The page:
spread in the early 20th century and permanently changed the ecological character of marshes (e.g., Tiner 2013). Researchers are still grappling to understand its effect on marshes’ capacity to keep pace with sea level rise. Nonetheless there is evidence that changes in hydrological function from ditching can potentially decrease marsh resilience to sea level rise (LeMay 2007). Changes in tidal range resulting from channel deepening and shoreline hardening can also impact marsh condition. The deterioration of marshes in Jamaica Bay, New York is the result of dramatic increases in tidal range attributed to a variety of human actions (Swanson and Wilson 2008). The surface of the bay has decreased by more than 50% while the volume of the bay has increased by 350%. The tidal range has increased by 1.3 feet causing rapid loss of marshes that formed under a lower tidal range. Each of these alterations can elicit symptoms of degradation. Like medical treatment, tidal restoration can treat the causes and/or the symptoms of degradation. Ideally the goal is to treat the root cause of degradation to achieve a lasting restoration outcome. One feature of tidal marshes that may be misinterpreted as a symptom of degradation is the presence of marsh pools. This misinterpretation is be partly due to the fact that the genesis and geomorphic function of marsh pools have, until recently, been poorly understood (Harshberger 1916; Miller and Egler 1950; Redfield 1972; Wilson et al. 2009). In some settings pools are characteristic features of marshes with high ecological integrity, whereas in other settings they may represent marsh degradation from human impacts. These nuanced interpretations must be understood for practitioners to be effective in the efforts to manage and conserve tidal marshes. In this article we review research on the role of pools in both hydrological altered and unaltered tidal marshes to aid marsh assessment determinations and restoration decision-making. DYNAMIC MARSH POOLS Tidal marsh pools are characteristic features of many tidal marshes that have never been ditched or impounded (Adamowicz and Roman 2005; Lathrop et al. 2000). An emerging body of literature has clarified our understanding of these features and demonstrates that tidal marsh pools Wetland Science & Practice December 2016 101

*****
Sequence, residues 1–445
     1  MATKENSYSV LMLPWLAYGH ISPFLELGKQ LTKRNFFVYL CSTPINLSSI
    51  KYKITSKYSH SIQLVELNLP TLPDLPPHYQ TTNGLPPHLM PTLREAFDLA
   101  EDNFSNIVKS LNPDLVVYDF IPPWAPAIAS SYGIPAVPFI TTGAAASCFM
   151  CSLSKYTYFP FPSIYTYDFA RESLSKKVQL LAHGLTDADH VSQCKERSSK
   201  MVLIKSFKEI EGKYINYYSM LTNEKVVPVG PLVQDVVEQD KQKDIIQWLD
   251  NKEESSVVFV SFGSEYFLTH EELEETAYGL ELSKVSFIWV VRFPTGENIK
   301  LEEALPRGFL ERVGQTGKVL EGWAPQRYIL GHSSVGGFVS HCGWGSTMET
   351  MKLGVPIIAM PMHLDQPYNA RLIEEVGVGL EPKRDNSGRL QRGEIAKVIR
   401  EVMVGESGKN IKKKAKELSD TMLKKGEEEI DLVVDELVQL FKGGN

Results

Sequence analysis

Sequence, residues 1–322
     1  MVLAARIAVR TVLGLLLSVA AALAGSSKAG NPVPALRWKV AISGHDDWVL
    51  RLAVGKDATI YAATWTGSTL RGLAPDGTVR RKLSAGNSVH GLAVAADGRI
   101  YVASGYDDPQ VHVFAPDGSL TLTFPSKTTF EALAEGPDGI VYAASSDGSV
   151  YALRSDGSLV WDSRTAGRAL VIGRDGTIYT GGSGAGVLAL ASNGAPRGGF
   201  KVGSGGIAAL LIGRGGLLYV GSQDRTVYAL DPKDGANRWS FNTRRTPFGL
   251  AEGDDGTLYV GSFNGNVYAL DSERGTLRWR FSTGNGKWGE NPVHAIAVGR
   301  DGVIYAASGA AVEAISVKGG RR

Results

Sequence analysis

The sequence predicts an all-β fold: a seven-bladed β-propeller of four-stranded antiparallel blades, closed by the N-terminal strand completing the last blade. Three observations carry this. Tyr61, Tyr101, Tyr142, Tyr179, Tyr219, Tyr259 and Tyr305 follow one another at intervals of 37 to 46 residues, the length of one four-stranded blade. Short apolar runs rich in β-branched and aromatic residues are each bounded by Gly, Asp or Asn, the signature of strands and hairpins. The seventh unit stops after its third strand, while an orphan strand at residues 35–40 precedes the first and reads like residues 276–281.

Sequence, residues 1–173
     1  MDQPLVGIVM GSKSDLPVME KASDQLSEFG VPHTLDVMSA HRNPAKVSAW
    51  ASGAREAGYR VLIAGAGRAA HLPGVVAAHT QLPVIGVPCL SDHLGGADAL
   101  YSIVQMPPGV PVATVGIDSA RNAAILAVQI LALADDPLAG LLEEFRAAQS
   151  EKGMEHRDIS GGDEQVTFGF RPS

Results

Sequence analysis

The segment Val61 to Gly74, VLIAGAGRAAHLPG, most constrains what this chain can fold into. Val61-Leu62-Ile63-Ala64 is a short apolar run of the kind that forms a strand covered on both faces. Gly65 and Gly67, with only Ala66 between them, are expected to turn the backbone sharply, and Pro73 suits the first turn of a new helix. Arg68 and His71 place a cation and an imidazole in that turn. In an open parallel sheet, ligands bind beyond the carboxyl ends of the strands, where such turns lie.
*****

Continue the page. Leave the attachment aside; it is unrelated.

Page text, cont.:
in some settings are part of a dynamic cyclical geomorphic process: pools form, expand, breach and revegetate over time (Mariotti 2016; Wilson et al. 2009, 2010, and 2014). Pools form in areas of poor drainage where a combination of waterlogging stress and low productivity produce nonvegetated patches that coalesce into pools (Wilson et al. 2014). Pools change in dimensions over time, typically expanding until their sides intersect with an adjacent tidal creek. At this point the pool becomes tidal with increased tidal action and sedimentation eventually promoting the return of vegetation to the former pool (Figure 1). The tall form of Spartina alterniflora is the first species to colonize the former pool because elevations are lower than the surrounding marsh surface. Over time, elevation increases because areas that are lower in the tidal prism experience more rapid accretion - sediment accretion rates in breached pools can be two to four times that of the surrounding marsh platform (Wilson et al. 2014). Pools revegetate as long as their bed elevation is above the lower limit for marsh growth and/or if sediment deposition is greater than the rate of relative sea level rise (Mariotti 2016). Pool recovery can take between 10 and 100 years depending on the setting (Wilson et al. 2014).